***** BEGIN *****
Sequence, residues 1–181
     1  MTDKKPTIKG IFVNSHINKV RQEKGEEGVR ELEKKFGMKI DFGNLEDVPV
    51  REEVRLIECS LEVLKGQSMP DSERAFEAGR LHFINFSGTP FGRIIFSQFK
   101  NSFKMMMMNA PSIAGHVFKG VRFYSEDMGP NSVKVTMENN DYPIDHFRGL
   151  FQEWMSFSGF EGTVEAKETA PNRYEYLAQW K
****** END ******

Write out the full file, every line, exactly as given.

Sequence, residues 1–181
     1  MTDKKPTIKG IFVNSHINKV RQEKGEEGVR ELEKKFGMKI DFGNLEDVPV
    51  REEVRLIECS LEVLKGQSMP DSERAFEAGR LHFINFSGTP FGRIIFSQFK
   101  NSFKMMMMNA PSIAGHVFKG VRFYSEDMGP NSVKVTMENN DYPIDHFRGL
   151  FQEWMSFSGF EGTVEAKETA PNRYEYLAQW K